How (not) to cook Moroccan Tangine

This week I performed a minor miracle and cooked.

Marrakesh

Marrakesh

In February I was in Morocco, where in a moment of extreme optimism about my cooking abilities I bought a mix of spices from one of the many places selling them.  These spices were, I was assured, ‘the seven secret ingredients of Moroccan cooking’.

After around three minutes research via Google, I am around 95 percent confident that if you analyzed my ‘seven secret spices’ you would find Salt, Pepper, Ginger, Turmeric, Saffron, Paprika and Cumin.

I stayed in the Medina itself (the walled city) in Marrakesh.  Every restaurant within the city walls had virtually the same menu.  There was cous-cous, with lamb, with beef, with chicken or with vegetables (I won’t say ‘vegetarian’, even though they did, because I’m not convinced it was strictly veggie) or else there was Tangine with lamb, with beef, with chicken or ‘vegetarian’.

Shopping for fruits and spices in Marrakesh

Shopping for fruits and spices in Marrakesh

A Tangine is a kind of big oven pot with a domed airtight lid (they were selling these all over town too.  I didn’t buy because I have so many pots already.  However I was tempted, thinking how great it would look cluttering up my minuscule kitchen even further, standing next to the vegetable steamer, the pestle and mortar, the rolling-pin and other assorted kitchen equipment that I never use).

The domed lid is apparently important because it encourages condensation and allows you to use less water.  My oven pot didn’t have a domed lid, so I was doing it wrong already. IMG_2795 Traditionally the Tangine would be cooked in an open fire over coals, however I didn’t think that lighting a fire in the middle of my inner-city flat was such a good idea, so I used an electric oven.  A slow cooker if you own one would probably replicate the traditional method more closely.

My version of Lamb Tangine

My version of Lamb Tangine

My lamb Tangine turned out so-so.  I think the use of a slow cooker or an electric Tangine pot might have helped.  Really it’s not the kind of thing to do in an electric oven; it cooked more quickly than I intended and I had to add extra water, making it a lot ‘runnier’ than the Tangines I sampled in Morocco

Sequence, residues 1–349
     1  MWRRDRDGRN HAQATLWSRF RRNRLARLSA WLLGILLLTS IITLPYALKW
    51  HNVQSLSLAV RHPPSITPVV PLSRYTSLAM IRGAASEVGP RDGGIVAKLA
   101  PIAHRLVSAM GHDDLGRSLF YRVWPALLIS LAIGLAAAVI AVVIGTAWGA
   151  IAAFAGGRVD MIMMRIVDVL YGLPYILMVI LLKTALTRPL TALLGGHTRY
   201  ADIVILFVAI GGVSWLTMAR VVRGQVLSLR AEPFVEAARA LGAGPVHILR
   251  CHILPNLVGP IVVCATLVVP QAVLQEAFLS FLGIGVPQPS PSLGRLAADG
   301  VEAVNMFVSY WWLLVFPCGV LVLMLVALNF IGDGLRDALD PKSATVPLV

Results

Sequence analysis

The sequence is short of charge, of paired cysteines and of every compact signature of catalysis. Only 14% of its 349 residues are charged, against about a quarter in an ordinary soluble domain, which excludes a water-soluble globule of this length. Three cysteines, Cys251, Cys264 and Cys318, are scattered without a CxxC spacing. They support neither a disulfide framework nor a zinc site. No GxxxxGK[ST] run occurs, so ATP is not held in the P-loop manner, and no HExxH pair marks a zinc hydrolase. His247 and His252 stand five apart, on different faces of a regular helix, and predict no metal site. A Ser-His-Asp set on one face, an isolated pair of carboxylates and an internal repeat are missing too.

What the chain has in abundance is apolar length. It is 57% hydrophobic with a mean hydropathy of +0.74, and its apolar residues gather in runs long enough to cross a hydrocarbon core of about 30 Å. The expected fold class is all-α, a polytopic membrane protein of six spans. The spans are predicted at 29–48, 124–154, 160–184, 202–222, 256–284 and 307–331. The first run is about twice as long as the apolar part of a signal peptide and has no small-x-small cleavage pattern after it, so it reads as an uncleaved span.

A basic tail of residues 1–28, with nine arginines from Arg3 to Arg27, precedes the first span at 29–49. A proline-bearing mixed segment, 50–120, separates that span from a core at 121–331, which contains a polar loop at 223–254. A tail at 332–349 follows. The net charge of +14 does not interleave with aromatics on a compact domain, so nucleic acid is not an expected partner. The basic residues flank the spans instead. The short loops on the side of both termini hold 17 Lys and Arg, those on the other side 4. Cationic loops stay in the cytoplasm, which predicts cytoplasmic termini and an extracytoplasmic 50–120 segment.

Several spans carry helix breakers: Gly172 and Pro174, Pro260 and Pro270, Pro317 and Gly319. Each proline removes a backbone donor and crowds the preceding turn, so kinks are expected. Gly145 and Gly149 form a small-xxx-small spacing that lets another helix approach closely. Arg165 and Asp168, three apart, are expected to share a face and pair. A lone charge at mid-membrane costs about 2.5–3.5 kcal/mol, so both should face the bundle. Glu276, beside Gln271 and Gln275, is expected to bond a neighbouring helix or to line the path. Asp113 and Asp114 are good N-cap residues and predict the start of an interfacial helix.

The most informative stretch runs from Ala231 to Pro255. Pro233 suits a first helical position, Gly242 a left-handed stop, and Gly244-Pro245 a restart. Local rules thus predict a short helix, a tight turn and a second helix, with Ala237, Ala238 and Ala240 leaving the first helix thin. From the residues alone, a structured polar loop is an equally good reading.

. . . . . . . . . .

Anyway here is my method, made for a modern kitchen and for someone who doesn’t really like cooking: There is minimum preparation time involved (this is my kind of cooking), and washing up level isn’t too bad (ditto).  However it is a little expensive because of the relatively long cooking time.

Just waiting for its '7 secret spices'

Just waiting for its ‘7 secret spices’

I used lamb because it was on special offer at Asda.  I also added carrots because I had some hiding away in the back of the fridge. I sautéed leeks (again because I had them) with some garlic, lay the lamb on top added some water and my ‘seven secret spices’ , added some black olives and some dried apricots and put it all at the bottom of the oven on a low-ish heat.

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Categories: Morocco

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5 replies »

  1. I adore Moroccan food. I’d love a tagine pot but they are expensive to buy in the UK and when I did finally go to Morocco a few years ago, there was no space in my suitcase to bring one back. Now that we are living closer to Morocco, I’m hoping I can pick one up on my next visit. I’ll let you know if the dome really does make a difference!

    • Yes I think this is a case where having the right equipment does help, although I could be making excuses for being crap.
      I didn’t buy one for much the same reason; I didn’t want to carry it and also I didn’t want something else cluttering up my kitchen that I never use.

      • I’m sure you’re not crap – and I’m sure that for both of us, having the right kit would help. There used to be a fabulous Moroccan restaurant in Finsbury Park and I’d watch fascinated as they cooked the tagines on a gas top. I was sure that the pots would explode or crack with the heat but they didn’t. I think it’s that combo of heat underneath and the steam inside the dome that gives it the flavour and texture.

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